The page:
In looking through our archives of newsletters, we were struck by how relevant many of our previous lead articles still are. We decided that once a year we will recycle an “oldie-but-goodie”. For this newsletter, we selected this highly relevant article from October 2011 by former Special Education School Improvement Specialist, Krista Promnitz, that reminds us of the power and purpose of formative assessments.
I walked into my Coordinator’s office to plan my professional development and she asked me, “What do you think you need to learn more about ?” Despite the simplicity of the question, a quick answer was not at the ready. After some thought, I said I would like to know more about how classroom teachers use assessments. I have a background in standardized assessments, but the day-to-day assessment practices of a typical teacher were outside my experience.
As we talked, I decided to focus my year-long research project on the concept of formative assessment. I found Transformative Assessment by W. James Popham (2008). Several principals I visited said they owned the book, but had not read it. One told me that if I thought it was worth the time, she would read it but that if it was another book with the same worn-out information it would stay on the shelf. So, here’s a brief review of the ideas in the book that are helping to form my thinking on this complex topic.
In Transformative Assessment, Popham describes a multi-tiered approach to engaging students and faculty in daily assessments that are used to guide teaching and learning. He defines formative assessment as a process “used by teachers and students during instruction that provides feedback to adjust ongoing teaching and learning to improve students’ achievement of intended instructional outcomes” (p. 5). Popham goes on to point out that formative assessment is a collaborative process that occurs during instruction, not outside or as an end result of instruction.
According to Popham, there are four levels of formative assessment:
⇒ Level 1: Teachers’ Instructional Adjustments: Teachers collect evidence by which they decide whether to adjust their current or immediately-upcoming instruction in order to improve the effectiveness of that instruction.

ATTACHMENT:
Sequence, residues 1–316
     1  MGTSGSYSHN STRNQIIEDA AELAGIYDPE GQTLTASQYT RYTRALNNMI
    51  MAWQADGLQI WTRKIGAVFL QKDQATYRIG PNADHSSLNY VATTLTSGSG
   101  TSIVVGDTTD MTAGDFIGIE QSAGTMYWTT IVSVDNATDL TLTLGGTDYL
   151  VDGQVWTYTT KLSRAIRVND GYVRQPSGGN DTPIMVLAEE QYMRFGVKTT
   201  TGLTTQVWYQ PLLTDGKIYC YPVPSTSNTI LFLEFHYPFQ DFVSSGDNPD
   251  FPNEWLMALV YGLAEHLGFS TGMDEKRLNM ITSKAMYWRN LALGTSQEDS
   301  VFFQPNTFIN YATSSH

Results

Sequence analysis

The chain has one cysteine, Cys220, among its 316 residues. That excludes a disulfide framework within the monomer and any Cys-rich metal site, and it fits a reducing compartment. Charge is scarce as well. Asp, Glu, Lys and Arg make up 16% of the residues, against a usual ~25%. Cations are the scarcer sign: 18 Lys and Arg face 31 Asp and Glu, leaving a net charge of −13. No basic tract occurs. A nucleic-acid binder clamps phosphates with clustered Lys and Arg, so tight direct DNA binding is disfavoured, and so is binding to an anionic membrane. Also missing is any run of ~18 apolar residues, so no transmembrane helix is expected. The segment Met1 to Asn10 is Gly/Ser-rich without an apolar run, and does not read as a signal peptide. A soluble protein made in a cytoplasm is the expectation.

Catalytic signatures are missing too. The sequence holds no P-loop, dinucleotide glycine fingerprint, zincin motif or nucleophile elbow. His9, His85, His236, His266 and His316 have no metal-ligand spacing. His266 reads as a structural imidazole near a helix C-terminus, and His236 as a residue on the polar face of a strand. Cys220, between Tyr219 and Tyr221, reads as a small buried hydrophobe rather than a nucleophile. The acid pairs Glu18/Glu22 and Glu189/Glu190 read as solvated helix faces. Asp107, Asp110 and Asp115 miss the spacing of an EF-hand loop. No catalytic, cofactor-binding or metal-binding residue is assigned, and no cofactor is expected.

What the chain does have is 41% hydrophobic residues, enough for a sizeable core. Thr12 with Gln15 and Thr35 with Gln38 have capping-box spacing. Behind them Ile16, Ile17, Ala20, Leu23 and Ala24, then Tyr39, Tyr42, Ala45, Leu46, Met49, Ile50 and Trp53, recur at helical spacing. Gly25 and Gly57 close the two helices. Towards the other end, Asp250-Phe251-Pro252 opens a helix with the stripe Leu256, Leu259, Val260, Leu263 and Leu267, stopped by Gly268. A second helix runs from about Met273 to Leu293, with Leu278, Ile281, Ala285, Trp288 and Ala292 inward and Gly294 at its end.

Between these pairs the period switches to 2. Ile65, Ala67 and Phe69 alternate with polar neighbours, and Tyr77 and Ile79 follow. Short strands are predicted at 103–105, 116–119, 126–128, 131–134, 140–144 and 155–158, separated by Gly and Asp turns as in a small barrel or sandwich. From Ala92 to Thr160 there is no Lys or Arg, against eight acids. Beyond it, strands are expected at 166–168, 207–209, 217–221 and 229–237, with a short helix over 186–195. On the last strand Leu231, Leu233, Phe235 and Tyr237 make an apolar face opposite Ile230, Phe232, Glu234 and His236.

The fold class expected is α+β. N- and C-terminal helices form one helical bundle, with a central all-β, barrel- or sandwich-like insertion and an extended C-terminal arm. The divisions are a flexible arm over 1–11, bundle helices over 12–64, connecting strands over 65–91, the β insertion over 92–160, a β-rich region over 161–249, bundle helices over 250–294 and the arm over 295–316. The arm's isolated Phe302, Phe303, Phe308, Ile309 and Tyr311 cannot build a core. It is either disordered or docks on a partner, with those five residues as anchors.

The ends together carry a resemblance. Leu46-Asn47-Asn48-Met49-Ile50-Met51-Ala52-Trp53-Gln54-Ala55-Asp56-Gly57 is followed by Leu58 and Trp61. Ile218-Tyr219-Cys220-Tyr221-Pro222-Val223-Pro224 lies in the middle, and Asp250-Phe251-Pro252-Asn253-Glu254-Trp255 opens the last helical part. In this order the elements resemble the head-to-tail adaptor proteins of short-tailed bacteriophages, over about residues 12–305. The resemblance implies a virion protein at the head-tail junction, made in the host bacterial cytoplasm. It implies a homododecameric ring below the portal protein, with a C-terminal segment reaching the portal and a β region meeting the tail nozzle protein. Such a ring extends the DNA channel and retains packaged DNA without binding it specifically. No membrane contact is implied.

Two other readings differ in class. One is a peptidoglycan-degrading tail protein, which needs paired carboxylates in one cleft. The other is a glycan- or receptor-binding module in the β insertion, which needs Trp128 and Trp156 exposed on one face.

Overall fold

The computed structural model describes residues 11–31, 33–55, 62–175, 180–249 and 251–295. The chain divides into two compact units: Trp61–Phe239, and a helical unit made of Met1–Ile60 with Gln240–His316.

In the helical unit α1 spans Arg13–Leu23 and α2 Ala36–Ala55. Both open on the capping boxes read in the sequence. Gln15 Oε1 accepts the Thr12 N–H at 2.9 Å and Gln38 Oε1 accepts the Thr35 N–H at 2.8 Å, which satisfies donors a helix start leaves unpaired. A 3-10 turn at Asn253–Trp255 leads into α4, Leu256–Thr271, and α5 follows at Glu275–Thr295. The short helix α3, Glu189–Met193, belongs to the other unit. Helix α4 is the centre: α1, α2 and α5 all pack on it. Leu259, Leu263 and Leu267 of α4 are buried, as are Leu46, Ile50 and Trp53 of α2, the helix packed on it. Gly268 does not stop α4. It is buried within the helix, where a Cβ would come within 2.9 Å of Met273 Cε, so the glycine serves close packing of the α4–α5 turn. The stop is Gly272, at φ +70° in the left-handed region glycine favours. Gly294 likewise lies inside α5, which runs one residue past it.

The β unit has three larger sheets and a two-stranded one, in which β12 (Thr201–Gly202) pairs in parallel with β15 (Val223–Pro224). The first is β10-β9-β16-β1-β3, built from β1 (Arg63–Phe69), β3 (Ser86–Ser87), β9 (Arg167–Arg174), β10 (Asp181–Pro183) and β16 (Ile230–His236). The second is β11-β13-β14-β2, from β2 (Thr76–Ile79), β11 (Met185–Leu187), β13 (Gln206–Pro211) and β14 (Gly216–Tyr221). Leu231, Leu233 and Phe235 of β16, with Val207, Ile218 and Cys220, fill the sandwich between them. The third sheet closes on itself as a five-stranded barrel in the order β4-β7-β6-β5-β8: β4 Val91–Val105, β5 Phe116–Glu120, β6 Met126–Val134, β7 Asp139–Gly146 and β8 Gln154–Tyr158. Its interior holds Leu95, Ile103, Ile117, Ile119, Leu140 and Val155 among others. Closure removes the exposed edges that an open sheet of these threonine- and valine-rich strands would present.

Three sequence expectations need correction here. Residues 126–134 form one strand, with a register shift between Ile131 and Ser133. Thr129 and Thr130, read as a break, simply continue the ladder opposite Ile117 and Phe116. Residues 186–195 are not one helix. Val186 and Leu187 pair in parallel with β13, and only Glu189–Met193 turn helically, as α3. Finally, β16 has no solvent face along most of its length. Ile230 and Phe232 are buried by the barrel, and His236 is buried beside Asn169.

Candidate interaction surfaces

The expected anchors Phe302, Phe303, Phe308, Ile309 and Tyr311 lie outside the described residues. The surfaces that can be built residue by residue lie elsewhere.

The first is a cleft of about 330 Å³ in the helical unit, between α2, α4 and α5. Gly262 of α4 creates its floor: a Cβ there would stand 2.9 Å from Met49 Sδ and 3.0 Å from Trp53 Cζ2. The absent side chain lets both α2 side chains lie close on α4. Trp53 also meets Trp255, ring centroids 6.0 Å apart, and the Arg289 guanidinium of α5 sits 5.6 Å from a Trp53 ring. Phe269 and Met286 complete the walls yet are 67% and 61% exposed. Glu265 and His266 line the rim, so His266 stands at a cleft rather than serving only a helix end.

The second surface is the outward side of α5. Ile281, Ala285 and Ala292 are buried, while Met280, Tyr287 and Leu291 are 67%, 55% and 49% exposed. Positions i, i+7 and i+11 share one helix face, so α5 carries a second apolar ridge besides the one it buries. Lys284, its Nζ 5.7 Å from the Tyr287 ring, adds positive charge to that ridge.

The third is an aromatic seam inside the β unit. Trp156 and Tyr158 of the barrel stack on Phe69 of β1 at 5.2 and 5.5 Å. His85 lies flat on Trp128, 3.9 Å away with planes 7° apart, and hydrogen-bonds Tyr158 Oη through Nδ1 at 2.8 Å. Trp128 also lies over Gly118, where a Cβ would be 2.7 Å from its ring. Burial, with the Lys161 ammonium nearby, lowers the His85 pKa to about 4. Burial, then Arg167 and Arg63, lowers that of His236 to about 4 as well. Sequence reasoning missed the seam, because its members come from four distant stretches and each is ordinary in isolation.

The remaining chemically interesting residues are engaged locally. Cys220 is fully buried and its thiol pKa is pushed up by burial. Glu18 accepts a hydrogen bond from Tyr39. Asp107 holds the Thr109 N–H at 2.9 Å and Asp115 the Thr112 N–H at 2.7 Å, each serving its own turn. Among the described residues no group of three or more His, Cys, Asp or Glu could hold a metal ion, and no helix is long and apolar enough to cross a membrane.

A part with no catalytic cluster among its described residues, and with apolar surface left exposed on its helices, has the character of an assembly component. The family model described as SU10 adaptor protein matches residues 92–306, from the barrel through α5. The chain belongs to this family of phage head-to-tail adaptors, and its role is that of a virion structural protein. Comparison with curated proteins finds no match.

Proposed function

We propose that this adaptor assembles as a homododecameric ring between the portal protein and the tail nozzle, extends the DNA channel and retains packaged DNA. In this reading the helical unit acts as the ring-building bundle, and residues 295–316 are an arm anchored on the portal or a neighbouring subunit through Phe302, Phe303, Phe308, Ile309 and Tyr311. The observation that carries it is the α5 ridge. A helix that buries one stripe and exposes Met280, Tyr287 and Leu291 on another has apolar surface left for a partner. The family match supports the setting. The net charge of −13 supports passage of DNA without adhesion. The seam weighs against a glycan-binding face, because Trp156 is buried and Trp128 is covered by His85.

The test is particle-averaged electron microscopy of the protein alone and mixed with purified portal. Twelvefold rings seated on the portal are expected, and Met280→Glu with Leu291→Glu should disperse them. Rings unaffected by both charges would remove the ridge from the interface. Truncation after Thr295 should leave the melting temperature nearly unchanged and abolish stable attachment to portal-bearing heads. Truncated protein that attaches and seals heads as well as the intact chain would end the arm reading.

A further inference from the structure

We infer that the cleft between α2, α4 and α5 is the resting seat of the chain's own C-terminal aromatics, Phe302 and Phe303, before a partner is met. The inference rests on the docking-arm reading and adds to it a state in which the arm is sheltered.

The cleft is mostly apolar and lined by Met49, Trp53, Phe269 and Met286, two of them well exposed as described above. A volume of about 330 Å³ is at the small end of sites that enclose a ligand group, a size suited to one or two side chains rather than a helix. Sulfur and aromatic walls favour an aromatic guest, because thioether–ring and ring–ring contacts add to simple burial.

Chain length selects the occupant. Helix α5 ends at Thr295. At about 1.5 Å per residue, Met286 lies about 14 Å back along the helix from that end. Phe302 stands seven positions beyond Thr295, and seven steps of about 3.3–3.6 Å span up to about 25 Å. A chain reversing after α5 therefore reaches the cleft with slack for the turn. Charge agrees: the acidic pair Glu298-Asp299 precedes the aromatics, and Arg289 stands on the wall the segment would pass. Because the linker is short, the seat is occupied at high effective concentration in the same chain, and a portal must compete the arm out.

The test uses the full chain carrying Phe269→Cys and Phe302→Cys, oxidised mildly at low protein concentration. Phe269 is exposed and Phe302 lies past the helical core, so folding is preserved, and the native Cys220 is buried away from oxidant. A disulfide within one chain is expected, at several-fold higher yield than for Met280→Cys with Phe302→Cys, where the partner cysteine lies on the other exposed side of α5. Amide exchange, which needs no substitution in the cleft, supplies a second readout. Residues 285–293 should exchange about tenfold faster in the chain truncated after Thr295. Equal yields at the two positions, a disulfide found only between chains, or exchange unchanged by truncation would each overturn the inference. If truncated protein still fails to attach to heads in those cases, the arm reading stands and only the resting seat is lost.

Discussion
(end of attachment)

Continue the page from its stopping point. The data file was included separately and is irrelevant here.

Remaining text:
⇒ Level 2: Students’ Learning Tactics Adjustments: Students use evidence of their current skills-and-knowledge status to decide whether to adjust the procedures they are using in an effort to learn something.
⇒ Level 3: Classroom Climate Shift: Teachers consistently apply formative assessment to the degree that its use transforms a traditional, comparison-dominated classroom, where the main purpose of assessment is to assign grades, into an atypical, learning-dominated classroom, where the main purpose of assessment is to improve the quality of teaching and learning.
⇒ Level 4: Schoolwide Implementation: An entire school (or district) adopts one or more levels of formative assessment, chiefly through the use of professional development and teacher learning communities.
There are many ways to collect this information, but according to Popham and other leading researchers on the topic, formative assessment results are not part of a student’s grades. This is a major shift in thinking and it may present challenges with respect to classroom and school culture. Popham provides multiple strategies for addressing this culture shift in his Level 3 discussion, including a sample survey to be completed by the students (pgs. 106-107).
As I work on this book review, I am reflecting on a conference session that I attended this morning with Dr. Douglas Reeves (respected Harvard researcher and author) where he addressed the essential nature of using formative assessments to improve student achievement. He discussed extensively the need to provide professional development to teachers and administrators on sustainable change through good practice, not purchased products. Specifically, he referenced the concept of formative assessment as a way to intervene early in the learning process for struggling students. Dr. Reeves also spoke on the need to create student accountability and a sense of ownership over their learning processes. His lecture was fascinating and current. A participant asked him for a book recommendation that addressed these topics and his response was “Transformative Assessment” by W. James Popham. If this book is sitting on your shelf, I encourage you to pick it up, dust it off and read it.” I second his recommendation. It just may change the way you and your teaching faculty think of classroom assessments.
Popham, W.J. (2011) Transformative assessment in action: An inside look at applying the process. Alexandria, VA: ASCD.